Ruling on whether UK can unilaterally revoke Article 50 due day before MPs’ vote

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The European Court of Justice will deliver its ruling on whether the UK can unilaterally revoke its withdrawal from the EU the day before Tuesday’s crunch vote on the Prime Minister’s Brexit deal.

Monday’s ruling will come less than a week after a European Court of Justice (ECJ) Advocate General issued a legal opinion stating that the UK can unilaterally revoke its withdrawal from the EU.

Manuel Campos Sanchez-Bordona rejected the contention that Article 50 only allows the possibility of revocation following a unanimous decision of the European Council.

The opinion is not binding on the court but campaigners who brought the case said it is considered very influential, and welcomed the news the ruling would be delivered before December 11.

SNP MP Joanna Cherry, one of those involved in bringing the case, tweeted: “#CJEU will give final judgment in #Article50 case at 8am on Monday morning so our aim of ensuring MPs know revocation is possible before the #MeaningfulVote will be achieved.

“Thank to all who have supported us #Brexit #PeoplesVote.”

Campaigners have said if the ECJ rules that the UK can unilaterally revoke Brexit it could give the country the option to “stop the clock” on leaving the EU as it would give an alternative to the options of the Prime Minister’s deal or no-deal.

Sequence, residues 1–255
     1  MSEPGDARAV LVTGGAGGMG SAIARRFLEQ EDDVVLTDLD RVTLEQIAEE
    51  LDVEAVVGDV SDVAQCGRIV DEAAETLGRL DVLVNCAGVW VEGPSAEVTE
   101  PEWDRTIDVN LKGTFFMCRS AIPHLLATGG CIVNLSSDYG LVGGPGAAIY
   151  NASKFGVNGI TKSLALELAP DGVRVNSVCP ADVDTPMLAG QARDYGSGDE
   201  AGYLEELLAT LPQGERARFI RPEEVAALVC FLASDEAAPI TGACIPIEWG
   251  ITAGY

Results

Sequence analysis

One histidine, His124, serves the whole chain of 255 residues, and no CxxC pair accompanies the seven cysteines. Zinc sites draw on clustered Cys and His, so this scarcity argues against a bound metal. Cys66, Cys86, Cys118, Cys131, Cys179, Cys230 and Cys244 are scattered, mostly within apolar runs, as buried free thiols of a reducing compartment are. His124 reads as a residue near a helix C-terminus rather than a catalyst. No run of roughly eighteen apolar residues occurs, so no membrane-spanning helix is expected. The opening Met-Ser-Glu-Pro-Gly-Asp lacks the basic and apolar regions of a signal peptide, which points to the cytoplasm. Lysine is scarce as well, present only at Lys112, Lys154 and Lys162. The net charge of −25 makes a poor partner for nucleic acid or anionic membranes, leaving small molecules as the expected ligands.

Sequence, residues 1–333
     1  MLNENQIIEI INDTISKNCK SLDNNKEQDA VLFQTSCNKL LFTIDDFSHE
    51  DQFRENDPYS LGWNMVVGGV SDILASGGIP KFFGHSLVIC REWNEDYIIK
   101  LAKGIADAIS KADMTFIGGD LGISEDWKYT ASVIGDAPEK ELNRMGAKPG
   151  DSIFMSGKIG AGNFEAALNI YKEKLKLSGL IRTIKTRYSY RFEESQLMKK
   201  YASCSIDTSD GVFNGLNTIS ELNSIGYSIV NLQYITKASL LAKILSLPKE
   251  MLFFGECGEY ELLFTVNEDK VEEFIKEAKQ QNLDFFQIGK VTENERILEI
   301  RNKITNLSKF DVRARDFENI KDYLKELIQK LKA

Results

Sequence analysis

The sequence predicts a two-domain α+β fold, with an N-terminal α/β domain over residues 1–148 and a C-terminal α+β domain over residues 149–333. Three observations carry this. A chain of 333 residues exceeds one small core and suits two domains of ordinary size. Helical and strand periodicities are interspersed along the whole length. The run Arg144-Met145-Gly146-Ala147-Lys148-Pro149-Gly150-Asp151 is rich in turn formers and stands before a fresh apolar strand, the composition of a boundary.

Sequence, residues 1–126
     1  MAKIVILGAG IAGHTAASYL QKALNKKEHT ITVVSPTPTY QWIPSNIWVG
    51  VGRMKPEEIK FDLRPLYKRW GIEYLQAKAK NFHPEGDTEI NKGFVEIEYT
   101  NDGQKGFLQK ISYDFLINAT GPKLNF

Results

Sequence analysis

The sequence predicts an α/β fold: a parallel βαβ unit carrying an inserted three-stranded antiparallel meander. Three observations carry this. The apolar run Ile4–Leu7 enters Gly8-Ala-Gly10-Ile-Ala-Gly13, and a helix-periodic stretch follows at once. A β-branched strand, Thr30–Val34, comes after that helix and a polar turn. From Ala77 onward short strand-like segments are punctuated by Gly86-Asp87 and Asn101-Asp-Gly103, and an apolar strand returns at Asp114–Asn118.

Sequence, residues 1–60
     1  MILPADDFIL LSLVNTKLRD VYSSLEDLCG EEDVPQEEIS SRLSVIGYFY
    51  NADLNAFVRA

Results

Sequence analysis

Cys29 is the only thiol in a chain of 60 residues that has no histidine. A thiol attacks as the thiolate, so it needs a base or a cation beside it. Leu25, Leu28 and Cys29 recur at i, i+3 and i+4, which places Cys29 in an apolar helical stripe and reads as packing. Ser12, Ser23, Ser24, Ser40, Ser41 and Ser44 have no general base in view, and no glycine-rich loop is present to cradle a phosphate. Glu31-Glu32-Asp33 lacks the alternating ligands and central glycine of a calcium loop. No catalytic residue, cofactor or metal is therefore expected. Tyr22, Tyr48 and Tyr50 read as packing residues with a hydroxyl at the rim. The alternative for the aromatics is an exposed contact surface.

The case was brought forward by a group of Scottish politicians – Labour MEPs Catherine Stihler and David Martin, Joanna Cherry MP and Alyn Smith MEP of the SNP, as well as Green MSPs Andy Wightman and Ross Greer, together with lawyer Jolyon Maugham QC, director of the Good Law Project.

Their request for the Court of Session to refer the question of whether Article 50 can be unilaterally revoked to the ECJ was initially refused, before that ruling was overturned on appeal.

Two attempts by the UK Government, which is contesting the case, to appeal against the referral to the European court were rejected.

Mr Maugham said: “I’m very pleased that the court in Luxembourg has recognised the extreme importance of its answer and its urgency for the parliament.”

Once the ECJ has delivered its ruling the case will be referred back to the Court of Session in Edinburgh, where judges are expected to “frank” the decision and declare the European Court’s answer to be the law on the matter.

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